Five Years Without An Arizona State Flag

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January 28th, 1917 Tombstone Epitaph headline announcing legislative concern over the proposed state flag design. This design that “looked too much like the Japanese emblem” was adopted as Arizona’s official state flag the following month.

A full five years passed between Arizona’s admission to the Union and its adoption of an official state flag. A variety of factors – legislative bickering among them – led to a half-decade elapsing before the “Baby State” had a standard of its own. While the design approved by state legislators in 1917 is well-regarded today, as evidenced by the North American Vexillological Association honoring it as one of the best flags in North America, it initially faced serious opposition.

A flag very similar to that flown today was first put into service by the Arizona Rifle Team during a 1911 match at Camp Perry, OH. A variation of this same design, although not then the official state flag, was displayed at the 1915 dedication of the U.S.S. Arizona. Despite these and other instances in which the Rifle Team flag or a version thereof served, albeit unofficially, as Arizona’s colors, state legislators remained hesitant to formalize the design. A January 1917 bill proposing adoption of the de facto flag as the state’s official flag met resistance from solons and citizens alike. Los Angeles Times articles documented concern that the rays and copper star featured on the flag under discussion bore a “similitude to the Japanese ensign,” and mentioned talk of including a “Gila monster couchant, within a copper collar” on the flag. A proposal to shift the line dividing the rays from the field of blue below from a horizontal to a diagonal orientation languished due after being unfavorably compared to “an astrological chart.”

In the end, legislators passed a bill adopting a design bearing “the copper star of Arizona rising from a blue field in the face of a setting sun” as the state’s official flag. Though Governor Thomas Campbell declined to sign the bill because, as speculated by the Arizona Republican newspaper, “the flag did not measure up to his ideals of what a state emblem should be,” the bill became law after five days of gubernatorial inaction. Campbell was ousted from office in December of 1917 following a court decision declaring George W.P. Hunt the victor of the contentious 1916 race (Campbell would return to the governorship in 1919). However, the Arizona state flag made official by his inaction flies over the capitol building in which he served to this day.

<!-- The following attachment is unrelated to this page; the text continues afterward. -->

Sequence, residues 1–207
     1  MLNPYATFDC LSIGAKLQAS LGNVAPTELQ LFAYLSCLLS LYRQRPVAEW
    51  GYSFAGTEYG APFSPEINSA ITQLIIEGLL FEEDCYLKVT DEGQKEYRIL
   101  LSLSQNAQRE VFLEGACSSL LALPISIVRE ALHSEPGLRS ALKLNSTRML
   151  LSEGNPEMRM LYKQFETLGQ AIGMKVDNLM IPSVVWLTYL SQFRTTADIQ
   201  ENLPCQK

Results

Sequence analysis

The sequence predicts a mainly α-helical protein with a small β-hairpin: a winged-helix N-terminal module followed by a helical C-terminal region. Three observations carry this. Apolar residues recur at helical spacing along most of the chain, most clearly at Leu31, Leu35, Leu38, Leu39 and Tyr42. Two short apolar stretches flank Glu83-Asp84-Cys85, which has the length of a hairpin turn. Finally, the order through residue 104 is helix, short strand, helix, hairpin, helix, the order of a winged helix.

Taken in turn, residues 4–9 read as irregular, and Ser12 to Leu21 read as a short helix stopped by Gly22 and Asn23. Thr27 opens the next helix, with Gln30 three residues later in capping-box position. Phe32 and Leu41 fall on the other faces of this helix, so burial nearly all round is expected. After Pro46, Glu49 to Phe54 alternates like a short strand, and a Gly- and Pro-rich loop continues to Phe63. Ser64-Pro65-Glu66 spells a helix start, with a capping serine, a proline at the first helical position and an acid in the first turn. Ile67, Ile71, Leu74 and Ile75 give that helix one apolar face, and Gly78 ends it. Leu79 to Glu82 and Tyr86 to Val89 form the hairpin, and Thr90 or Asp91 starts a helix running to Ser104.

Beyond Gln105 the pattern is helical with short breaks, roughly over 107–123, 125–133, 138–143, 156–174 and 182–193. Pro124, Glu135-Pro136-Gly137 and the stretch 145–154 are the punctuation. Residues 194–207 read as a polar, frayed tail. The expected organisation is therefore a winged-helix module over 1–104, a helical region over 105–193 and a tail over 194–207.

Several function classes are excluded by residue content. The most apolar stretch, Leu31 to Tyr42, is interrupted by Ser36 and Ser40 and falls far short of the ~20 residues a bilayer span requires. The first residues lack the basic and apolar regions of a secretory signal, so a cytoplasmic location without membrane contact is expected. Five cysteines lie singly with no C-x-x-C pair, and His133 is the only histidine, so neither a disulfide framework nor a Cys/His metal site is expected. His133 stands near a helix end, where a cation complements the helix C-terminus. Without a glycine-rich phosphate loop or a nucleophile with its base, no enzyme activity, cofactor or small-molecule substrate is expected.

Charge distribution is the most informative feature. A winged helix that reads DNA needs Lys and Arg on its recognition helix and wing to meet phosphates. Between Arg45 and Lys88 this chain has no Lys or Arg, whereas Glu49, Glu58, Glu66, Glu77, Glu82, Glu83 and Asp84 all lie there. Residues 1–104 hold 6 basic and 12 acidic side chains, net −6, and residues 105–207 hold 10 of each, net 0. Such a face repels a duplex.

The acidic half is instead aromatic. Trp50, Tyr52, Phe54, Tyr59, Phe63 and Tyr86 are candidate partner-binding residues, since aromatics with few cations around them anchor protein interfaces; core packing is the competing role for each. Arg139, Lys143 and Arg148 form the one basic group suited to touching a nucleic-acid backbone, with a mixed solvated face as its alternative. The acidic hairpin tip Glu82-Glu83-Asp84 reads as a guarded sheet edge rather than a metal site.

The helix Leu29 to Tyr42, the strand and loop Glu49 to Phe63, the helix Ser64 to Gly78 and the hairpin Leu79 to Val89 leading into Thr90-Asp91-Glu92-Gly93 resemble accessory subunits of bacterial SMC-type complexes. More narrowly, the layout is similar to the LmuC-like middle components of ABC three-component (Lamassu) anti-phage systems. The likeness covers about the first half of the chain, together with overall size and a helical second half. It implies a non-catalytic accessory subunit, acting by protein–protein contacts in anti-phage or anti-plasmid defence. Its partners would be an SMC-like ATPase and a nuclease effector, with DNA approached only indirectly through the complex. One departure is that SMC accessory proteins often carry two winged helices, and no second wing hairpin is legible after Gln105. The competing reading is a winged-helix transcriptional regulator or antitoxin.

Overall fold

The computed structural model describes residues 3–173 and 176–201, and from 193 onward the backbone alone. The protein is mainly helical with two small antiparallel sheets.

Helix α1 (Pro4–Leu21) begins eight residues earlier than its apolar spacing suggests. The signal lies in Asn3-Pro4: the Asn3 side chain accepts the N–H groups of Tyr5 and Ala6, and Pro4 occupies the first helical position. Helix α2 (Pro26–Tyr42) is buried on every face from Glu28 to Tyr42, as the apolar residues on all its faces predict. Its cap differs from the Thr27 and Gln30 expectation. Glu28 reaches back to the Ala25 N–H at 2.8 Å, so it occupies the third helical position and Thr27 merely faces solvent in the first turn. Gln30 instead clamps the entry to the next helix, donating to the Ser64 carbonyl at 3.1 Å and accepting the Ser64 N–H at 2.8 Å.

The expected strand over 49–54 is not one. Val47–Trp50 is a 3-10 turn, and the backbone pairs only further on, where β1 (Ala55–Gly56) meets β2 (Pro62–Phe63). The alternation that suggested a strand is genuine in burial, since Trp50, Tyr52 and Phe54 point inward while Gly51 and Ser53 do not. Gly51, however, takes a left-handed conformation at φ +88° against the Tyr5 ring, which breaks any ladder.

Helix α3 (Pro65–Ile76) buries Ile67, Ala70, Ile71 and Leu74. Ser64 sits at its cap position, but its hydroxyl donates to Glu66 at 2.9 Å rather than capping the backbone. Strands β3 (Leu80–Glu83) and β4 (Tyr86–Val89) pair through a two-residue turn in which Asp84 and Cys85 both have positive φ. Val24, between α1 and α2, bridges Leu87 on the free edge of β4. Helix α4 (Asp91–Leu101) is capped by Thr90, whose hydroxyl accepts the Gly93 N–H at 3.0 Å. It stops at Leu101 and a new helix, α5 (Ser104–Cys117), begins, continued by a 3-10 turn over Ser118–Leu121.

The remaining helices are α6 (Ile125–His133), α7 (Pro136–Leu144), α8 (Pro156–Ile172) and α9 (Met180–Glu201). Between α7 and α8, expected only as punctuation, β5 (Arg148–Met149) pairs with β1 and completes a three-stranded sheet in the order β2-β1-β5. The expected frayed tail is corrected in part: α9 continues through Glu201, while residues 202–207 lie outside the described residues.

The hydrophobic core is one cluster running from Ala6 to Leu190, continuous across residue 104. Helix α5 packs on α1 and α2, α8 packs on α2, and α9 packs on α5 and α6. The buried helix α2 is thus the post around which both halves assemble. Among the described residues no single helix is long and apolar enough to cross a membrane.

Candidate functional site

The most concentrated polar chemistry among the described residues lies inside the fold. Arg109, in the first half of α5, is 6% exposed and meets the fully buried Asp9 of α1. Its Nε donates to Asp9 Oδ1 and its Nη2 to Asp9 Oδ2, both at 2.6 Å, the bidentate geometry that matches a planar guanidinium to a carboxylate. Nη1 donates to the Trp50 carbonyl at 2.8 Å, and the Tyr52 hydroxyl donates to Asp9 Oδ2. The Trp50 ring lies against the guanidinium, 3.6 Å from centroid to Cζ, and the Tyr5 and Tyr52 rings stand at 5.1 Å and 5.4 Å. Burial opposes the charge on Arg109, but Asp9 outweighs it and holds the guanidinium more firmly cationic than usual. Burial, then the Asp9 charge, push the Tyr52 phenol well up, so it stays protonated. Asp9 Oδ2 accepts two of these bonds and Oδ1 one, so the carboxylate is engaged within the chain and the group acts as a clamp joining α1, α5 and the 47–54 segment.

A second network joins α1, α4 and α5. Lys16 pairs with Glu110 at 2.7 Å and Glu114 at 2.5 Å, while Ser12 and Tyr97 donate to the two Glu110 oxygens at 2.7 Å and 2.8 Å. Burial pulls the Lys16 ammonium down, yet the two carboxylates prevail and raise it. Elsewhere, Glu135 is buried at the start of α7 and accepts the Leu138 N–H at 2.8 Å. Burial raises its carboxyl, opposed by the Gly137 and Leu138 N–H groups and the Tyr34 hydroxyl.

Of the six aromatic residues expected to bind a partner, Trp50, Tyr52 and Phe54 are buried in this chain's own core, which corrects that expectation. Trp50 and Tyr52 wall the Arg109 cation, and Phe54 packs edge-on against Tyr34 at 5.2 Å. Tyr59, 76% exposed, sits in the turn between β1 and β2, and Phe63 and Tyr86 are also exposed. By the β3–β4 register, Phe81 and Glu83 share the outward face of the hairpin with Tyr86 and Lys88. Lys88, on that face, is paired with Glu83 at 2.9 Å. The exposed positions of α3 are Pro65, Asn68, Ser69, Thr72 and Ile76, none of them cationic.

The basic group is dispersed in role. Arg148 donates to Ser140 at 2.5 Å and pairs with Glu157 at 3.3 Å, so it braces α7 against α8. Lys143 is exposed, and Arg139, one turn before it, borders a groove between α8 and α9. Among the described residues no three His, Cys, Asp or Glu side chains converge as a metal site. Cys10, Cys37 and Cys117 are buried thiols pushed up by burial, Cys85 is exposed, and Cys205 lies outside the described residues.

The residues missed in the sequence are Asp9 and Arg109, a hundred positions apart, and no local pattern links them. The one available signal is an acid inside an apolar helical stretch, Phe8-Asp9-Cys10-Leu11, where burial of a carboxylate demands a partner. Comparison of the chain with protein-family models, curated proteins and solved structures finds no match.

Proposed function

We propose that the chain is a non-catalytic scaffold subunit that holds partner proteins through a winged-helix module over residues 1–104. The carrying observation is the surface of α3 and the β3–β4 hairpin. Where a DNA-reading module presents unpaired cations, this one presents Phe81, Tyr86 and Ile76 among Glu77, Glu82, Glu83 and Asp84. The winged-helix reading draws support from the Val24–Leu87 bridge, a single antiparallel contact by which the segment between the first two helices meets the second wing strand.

Arizonans Should Celebrate Theodore Roosevelt’s Birthday

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The recently dedicated Roosevelt Dam dominated the colorful cover of the August 12th, 1911 edition of Scientific American.

Renaissance man Theodore Roosevelt was born 155 years ago yesterday in New York City, a place very different from the far-off and not-then existent Arizona Territory that would later derive great benefit from his presidency.

Roosevelt is most closely associated with our state through his leadership of the courageous Rough Riders of Spanish-American War fame, many of whom hailed from Arizona. While not as widely known and arguably far less interesting than the battlefield heroics of the all-volunteer Rough Riders, Arizonans should also recognize Roosevelt for signing the 1902 Newlands Reclamation Act into law. This landmark legislation authorized several large-scale water reclamation projects in the arid lands west of the 100th meridian, including our Roosevelt Dam.

Completed in 1911, the $10 million Roosevelt Dam helped to ensure Valley residents a reliable water supply, thereby largely ending the decades-long struggle against unpredictable supplies of water that left Phoenix-area farm fields flooded in times of overabundant precipitation and parched in times of drought. The project’s significance was not lost on local residents or the press, as evidenced by the March 19, 1911 edition of the Arizona Republican that bore headlines proclaiming “Life Blood of Valley Turned Into its Arteries by Theodore Roosevelt,” thus signaling a “Triumphant Ending of the Great Project.”

Today just one among the string of several dams along the Salt River, the now-enlarged Roosevelt Dam has been vitally important to the vitality and prosperity of the Phoenix metropolitan area for more than a century. However, the dam’s importance – widely recognized during its construction and through the present day – and Roosevelt’s much-publicized 1911 visit still failed to deliver Arizona’s 1912 electoral college votes to third-party candidate Roosevelt, who fared better in the state than Republican Howard Taft, Socialist Eugene V. Debs, and Prohibition nominee Eugene W. Chafin, but couldn’t top the vote tally of Democrat Woodrow Wilson.